People leaders are the key to hybrid work success — here’s why

From the world’s biggest companies to city governments, more organizations are trading their pandemic-era remote work policies for hybrid arrangements, where employees split their time between home and headquarters.  

For many businesses, the move is motivated by a desire to strengthen culture and collaboration. But hybrid work can be tricky, and employees can struggle with work/life balance and disengagement.

“We definitely see higher turnover and lower engagement when transitions back to the office don’t deliver on the promises that businesses make,” says Stephanie Neal, director of the Center for Analytics and Behavioral Research (CABER) at the leadership consulting firm DDI.

Because of their strong influence on employee engagement, people leaders are uniquely positioned to steer the return to the office. By building and maintaining trust with their people, leaders can help ensure that hybrid work benefits both organizations and employees. 

Why Trust is Critical

According to research from DDI, hybrid employees are 4.4 times more engaged when their managers maintain trust. Unfortunately, it is easy to lose employees’ trust during the shift to hybrid work.

“When a company brings people back to the office, it can seem to the employees like you’re saying, ‘We’ve been trusting you to work at home, but now that’s over,'” Neal explains. “It can feel like a breach of the trust that was there.”

If employees don’t trust leaders’ motives, they are unlikely to buy into the shift to hybrid work. Without buy-in, hybrid work is destined to fail. 

Neal stresses that building trust takes constant, consistent effort. It should start long before the return to the office and persist long after. 

“Trust absolutely needs to be there before you ask people to change their approach to work,” she says. “And once people are back, leaders must understand that it’s going to be a continuous process of having conversations with people about how they are feeling about the change in work.” 

3 Ways to Foster Trust During the Return to the Office

To maintain employee trust during the transition to hybrid work and beyond, Neal recommends that leaders focus on empathy, communication, and accountability.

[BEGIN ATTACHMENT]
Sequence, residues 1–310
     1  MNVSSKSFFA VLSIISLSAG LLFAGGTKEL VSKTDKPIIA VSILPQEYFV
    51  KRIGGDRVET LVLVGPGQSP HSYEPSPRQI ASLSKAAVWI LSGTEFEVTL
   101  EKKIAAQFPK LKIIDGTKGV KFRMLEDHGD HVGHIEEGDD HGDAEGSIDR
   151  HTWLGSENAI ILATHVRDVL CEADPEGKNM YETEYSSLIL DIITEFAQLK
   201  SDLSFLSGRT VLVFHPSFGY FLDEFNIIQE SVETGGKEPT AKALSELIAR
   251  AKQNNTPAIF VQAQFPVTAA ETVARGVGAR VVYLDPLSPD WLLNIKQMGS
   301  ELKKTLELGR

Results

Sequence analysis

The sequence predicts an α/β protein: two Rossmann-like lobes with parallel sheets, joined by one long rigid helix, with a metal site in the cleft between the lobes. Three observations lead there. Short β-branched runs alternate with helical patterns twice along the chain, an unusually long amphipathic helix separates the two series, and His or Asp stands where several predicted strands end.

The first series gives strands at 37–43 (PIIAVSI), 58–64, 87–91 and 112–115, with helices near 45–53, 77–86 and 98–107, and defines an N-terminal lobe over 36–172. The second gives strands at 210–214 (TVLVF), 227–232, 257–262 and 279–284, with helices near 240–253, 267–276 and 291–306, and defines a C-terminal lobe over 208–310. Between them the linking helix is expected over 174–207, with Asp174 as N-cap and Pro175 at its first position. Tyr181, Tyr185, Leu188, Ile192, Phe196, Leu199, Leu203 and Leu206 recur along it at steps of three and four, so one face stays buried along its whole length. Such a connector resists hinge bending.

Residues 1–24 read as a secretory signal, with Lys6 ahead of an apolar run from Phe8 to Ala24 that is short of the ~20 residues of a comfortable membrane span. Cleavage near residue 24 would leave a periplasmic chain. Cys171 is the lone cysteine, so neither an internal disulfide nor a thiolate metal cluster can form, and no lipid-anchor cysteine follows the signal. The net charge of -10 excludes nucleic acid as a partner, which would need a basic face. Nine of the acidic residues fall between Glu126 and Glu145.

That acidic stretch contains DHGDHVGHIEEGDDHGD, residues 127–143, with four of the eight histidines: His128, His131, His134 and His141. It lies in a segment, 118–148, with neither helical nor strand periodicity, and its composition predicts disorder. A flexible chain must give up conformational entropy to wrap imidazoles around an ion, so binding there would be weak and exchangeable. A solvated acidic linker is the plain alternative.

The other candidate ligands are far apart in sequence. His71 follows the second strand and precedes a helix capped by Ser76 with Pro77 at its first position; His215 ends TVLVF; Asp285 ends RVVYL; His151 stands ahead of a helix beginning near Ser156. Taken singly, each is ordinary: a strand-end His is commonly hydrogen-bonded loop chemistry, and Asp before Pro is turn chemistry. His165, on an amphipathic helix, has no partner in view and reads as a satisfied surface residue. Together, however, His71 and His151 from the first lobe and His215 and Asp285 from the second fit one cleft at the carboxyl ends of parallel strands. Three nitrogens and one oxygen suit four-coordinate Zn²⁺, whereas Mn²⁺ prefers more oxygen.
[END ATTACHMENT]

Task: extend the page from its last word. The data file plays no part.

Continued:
When businesses return to the office, they are asking their employees to make significant changes to their daily lives. People will respond to that change more positively if the organization accounts for their unique situations.

“The number one thing I would suggest to leaders is to think about each person’s individual scenario,” Neal says. “How do you ensure that people feel comfortable with the change and that it meets them where they are?”

For example, employees with children may need to make new childcare arrangements. Women and people of color may have concerns about hostile office environments. Young employees may feel unprepared for the demands of office etiquette. 

“Leaders need to demonstrate that they care about their employees’ wellbeing in this transition,” Neal says. “Try to be as flexible as possible about how the change is done. Make it responsive to people’s needs. For example, don’t say that everyone must always be in the office for the same days or same amount of time if you can help it.”


Organizations put a lot of effort into communicating the big-picture details of the return to the office, like why it’s happening and what the business hopes to gain.

But they shouldn’t stop there. Once hybrid work begins, organizations should keep communicating about the initiative’s progress. Otherwise, employees may feel left out of the loop, which can erode engagement.

“If you tell people you’re coming back to the office to increase connections, you should keep employees informed about that,” Neal says. “How are connections improving? What changes are you seeing as a result?”

Even if organization-wide communications slow down, people leaders can be transparent about how hybrid work efforts are evolving for their own teams.


Organizations often make the case that bringing people back to the office will help teams thrive. Problems arise if that turns out to be an empty promise. 

“If you bring people back and don’t actually help them connect and collaborate, that is a trust-breaker,” Neal says. 

While leaders may not be able to control how well the organization keeps its word, they can create opportunities for their team members to collaborate. 

Leaders should take care to avoid “productivity theater” — that is, making employees put on a show of being more productive when they’re in the office. The focus should instead be on giving people chances to do things they couldn’t do working from home. 

How Leadership Development Helps Businesses Prepare for the Future of Work

Getting hybrid work right is only the beginning. 

“The return to the office is just the tip of the iceberg, in terms of how the world of work is changing,” Neal says. “Having leaders sharpen their skills now can only help, especially with even bigger disruptions like the rise of AI.”

Unfortunately, many leaders aren’t getting the development opportunities they need. Only 27 percent say they are very effective at leading hybrid teams, according to DDI’s Global Leadership Forecast 2023.

As organizations prepare for the future of work, leadership development should be a key priority. The Global Leadership Forecast found that leaders who get the chance to develop their skills are more likely to say they can engage and retain top talent, prevent employee burnout, and operate in ambiguous environments.

Those are leadership outcomes that every business needs — hybrid or otherwise.